Take a break from Christmas shopping to check out this week's Friday Questions.
Boomska316 starts us off:
Has there ever been a show, successful or not, about what goes on in a writer's room? Or about the making of a sitcom? It seems like an idea that would've been tried or at least thought of before.
There was the short-lived JACKIE THOMAS SHOW in late 1992 that ended in early 1993. Tom Arnold starred as an obnoxious TV star and the show centered on his writing staff.
At the time, Arnold was married to Roseanne and a lot of the stories were supposedly taken from real life occurrences from her writing staff. But knowing how Roseanne really treated her staff, I imagine the stories were more fiction than non.
By the way, some great people were on that show including Michael Boatman, Maryedith Burrell, and now-director Paul Feig.
Update: And I guess it doesn't go without saying, but THE DICK VAN DYKE SHOW.
Do you think the reason the broadcast networks are almost completely overlooked by the Emmys and other awards is because the talent is trying to get some sort of revenge for the nets' micromanaging shows to the point that any life and originality have been sandblasted away?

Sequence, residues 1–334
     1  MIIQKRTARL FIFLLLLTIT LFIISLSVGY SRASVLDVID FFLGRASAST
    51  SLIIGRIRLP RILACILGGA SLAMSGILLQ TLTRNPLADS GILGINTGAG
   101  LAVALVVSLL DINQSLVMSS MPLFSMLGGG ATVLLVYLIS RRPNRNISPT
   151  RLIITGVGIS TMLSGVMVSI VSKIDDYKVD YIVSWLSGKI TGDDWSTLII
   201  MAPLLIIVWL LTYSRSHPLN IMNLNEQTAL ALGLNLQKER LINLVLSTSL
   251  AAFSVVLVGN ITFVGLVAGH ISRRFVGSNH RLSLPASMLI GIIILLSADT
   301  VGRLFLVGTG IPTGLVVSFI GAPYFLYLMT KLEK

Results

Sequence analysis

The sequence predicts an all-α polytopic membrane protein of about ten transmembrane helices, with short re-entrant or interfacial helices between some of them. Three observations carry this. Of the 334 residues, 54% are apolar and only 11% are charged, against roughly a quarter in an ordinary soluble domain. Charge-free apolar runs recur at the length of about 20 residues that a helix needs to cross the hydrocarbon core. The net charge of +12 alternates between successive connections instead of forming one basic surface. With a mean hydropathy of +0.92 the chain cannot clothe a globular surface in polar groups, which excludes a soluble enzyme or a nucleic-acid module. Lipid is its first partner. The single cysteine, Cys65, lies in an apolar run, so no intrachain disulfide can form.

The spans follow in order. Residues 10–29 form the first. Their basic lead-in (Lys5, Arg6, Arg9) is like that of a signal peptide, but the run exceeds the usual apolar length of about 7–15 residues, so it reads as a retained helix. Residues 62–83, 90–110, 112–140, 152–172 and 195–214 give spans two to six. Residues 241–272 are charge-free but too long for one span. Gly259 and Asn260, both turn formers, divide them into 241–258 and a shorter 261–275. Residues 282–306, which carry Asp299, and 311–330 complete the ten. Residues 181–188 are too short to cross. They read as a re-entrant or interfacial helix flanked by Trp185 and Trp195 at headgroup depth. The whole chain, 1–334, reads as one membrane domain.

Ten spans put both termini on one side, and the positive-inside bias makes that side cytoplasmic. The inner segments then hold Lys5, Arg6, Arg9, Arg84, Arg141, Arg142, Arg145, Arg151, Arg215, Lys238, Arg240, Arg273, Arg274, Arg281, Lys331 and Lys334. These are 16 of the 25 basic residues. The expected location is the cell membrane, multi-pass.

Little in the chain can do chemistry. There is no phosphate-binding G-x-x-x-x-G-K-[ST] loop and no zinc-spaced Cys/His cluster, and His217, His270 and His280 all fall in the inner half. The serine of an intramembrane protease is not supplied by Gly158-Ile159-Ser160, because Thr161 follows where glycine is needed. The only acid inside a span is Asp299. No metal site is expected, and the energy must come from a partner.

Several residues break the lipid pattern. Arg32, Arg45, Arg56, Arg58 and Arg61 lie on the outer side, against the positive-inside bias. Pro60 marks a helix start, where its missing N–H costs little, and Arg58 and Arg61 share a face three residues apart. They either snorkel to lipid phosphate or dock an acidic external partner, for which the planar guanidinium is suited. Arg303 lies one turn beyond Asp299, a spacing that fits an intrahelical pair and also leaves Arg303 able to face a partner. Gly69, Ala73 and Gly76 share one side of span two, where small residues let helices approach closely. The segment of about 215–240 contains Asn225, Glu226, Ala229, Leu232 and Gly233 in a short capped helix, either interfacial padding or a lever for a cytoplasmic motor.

By talent I’m assuming you mean actors and writer/producers?
I wouldn’t say revenge is the motivating factor. Creative people just gravitate to where they are most appreciated. For years networks still had a stranglehold because they offered a much larger potential audience. But even that isn’t the case any longer.
Actors tend to prefer non-network situations because they’re not obligated to crank out as many episodes. It's less of a commitment. You might make 13 episodes over an eighteen month period for Netflix whereas you’d have to produce 22 episodes over a seven month stretch for a hit network show.
But the real reason movie stars are now doing television? They're getting stupid money for doing these series. That’s a way bigger incentive than revenge.
Is the Los Angeles economy *that* dependent on the entertainment industry? I've heard LA described as a "company town", but I know a number of financial services giabts are based there, as well as some major manufacturing and aerospace firms. I can't imagine the area going belly-up if the studios picked up stakes and moved to another state.
Of course entertainment is not the only industry in Southern California, but it’s a pivotal one.
And finally, from David P:
So, a baseball related Friday question: If you had a ballot, who would you vote for in the HoF this year?
Edgar Martinez, Ivan Rodriguez, Trevor Hoffman, and Vladimir Guerrero.
I’d never vote for Manny Ramirez, Roger Clemens, or Barry Bonds.
What’s your Friday Question?